It is important to balance the influx of knowledge and procedures with opportunities to establish rapport and relationships with their leader and team. They should not eat alone that first week or two, even if they work remotely/virtually. Additionally, the manager should ensure the new hire’s calendar is pre-populated with value-packed 30-minute meetings (on camera, as need be) with key leaders, colleagues and resource personnel. Even if agendas overlap and information is repeated, the new hire will benefit from several views on essential topics and tasks that the leader indicates are of prime importance.
Larger-scale welcome activities support a strong company culture. The manager should ensure the new hire is part of the next in-person or virtual meet and greet and introduced in an all-company announcement. These can share where the new hire is based, strengths they bring to their new role and team, high-level personal information like their location, hobbies or interests and comments from the manager and new hire.
There is always value in the manager assigning a peer coach who can check in on the new hire daily or sit with them at a break. They are able to answer any questions that arise as the new hire navigates their calendar, the office floor plan, the ins and outs of platforms and programs and offer refreshers on instructions for tasks not fully grasped the first time. It is best that this person not be on their team. Someone located nearby in the office or in a related department may have an additional perspective that will be valuable and will expand the new hire’s network quickly.
Questions To Ask During A Meeting With A New Hire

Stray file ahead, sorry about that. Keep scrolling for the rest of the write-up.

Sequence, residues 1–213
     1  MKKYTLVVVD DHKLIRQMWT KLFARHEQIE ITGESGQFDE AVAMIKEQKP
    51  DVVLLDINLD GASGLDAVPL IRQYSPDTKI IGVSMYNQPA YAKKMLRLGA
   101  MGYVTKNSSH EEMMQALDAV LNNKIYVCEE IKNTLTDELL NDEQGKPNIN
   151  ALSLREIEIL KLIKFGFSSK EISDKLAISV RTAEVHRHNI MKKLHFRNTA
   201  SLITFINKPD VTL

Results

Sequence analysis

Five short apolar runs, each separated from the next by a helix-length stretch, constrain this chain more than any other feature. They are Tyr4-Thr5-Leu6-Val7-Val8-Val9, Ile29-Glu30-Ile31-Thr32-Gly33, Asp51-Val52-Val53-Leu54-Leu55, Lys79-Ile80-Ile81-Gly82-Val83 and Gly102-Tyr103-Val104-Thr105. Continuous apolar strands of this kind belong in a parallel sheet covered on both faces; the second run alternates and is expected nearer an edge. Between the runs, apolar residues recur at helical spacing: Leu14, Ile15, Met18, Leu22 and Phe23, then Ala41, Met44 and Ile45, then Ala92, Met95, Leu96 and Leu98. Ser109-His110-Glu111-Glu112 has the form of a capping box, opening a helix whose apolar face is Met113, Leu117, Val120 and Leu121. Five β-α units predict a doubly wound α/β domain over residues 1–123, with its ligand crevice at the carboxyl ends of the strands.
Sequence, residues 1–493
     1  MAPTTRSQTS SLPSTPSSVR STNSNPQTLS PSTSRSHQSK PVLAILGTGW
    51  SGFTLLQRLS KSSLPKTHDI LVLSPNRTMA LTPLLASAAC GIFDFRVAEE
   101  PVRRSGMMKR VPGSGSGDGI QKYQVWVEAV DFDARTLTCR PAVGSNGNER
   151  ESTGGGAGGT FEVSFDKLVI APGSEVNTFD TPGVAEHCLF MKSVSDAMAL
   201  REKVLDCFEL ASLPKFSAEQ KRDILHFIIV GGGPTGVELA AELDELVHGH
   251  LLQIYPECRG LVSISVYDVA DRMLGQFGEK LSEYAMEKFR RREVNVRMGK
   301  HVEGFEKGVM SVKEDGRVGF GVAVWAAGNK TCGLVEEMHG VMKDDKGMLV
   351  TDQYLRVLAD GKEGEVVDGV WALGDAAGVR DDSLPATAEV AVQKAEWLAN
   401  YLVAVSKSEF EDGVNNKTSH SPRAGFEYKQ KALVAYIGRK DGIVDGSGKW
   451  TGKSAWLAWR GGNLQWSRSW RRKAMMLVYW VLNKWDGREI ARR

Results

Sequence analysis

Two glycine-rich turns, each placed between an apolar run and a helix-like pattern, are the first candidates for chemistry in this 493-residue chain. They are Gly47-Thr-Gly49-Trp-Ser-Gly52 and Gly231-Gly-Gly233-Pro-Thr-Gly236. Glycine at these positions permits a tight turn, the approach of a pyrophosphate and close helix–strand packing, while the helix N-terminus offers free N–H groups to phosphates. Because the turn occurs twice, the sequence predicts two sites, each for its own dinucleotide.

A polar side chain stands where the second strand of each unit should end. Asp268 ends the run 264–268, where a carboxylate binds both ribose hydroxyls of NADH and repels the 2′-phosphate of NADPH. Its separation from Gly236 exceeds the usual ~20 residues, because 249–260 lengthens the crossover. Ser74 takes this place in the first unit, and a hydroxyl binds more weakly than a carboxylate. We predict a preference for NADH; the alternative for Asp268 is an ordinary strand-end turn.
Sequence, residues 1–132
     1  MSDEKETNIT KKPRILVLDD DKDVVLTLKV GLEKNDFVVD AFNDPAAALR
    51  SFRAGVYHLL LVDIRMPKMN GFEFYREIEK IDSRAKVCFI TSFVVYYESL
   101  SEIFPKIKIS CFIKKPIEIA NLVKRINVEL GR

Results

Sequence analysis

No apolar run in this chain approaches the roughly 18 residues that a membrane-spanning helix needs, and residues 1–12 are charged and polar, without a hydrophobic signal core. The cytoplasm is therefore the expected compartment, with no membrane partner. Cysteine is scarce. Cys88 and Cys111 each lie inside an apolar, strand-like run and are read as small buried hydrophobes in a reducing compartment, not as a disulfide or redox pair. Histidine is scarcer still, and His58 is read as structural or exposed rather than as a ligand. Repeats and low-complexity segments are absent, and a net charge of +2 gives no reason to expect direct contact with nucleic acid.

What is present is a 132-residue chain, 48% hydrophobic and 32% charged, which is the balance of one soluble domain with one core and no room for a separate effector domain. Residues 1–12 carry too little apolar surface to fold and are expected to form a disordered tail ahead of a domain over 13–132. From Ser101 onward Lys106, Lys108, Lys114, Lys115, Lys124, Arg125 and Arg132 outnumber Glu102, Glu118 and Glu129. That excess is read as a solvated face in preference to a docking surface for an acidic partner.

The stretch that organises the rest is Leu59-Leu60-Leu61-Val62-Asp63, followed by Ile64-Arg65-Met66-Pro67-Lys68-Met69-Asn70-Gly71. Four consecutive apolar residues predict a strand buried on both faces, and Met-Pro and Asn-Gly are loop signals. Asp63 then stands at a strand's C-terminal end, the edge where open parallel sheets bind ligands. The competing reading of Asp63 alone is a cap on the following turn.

Finally, 15-minute meetings with their manager on those first few Fridays can keep the leader apprised as to the success of the three focus areas offered above—pace, agenda and connection. They might ask:
- What were your biggest takeaways this week?
- What excites you most about this new role? Our team? Our organization?
- What do you look forward to digging into next week for greater understanding and skill?
- How is the pace of your onboarding? Offer a scale—for example, are you feeling overwhelmed (9-10), rather bored (1-2) or moving along well (4-6)?
- Who did you get to know this week? Who has impressed you and why?
- What do you want to be able to tell me at the end of next week? (Finish by offering what you hope they will tell you)
Retention is closely related to employee engagement, experience and achievement. The HR Team, working closely with the hiring manager, can prepare and deliver onboarding that positively impacts the new hire, the team and the organization—as well as the bottom line.
Besides, who wants to be doing something that doesn’t work all over again in three to six months? None of us want that.
Interested In Learning More?
Learn how Onboarding for Performance helps leaders cultivate a performance culture with new hires that fosters engagement, enhances productivity and increases retention!
1Matusen R. So you want to quit your brand-new job …. Harvard Business Review. Published December 6, 2021. Accessed March 29, 2023. https://hbr.org/2021/12/so-you-want-to-quit-your-brand-new-job.
2Allen DG. Retaining talent: A guide to analyzing and managing employee turnover. SHRM Foundation. Published 2010. https://www.shrm.org/hr-today/trends-and-forecasting/special-reports-and-expert-views/documents/retaining-talent.pdf.
3Mazur C. 17 incredible onboarding statistics : HR trends in hiring, training, and retention. Zippia. Published Feb 26, 2023. https://www.zippia.com/advice/onboarding-statistics/.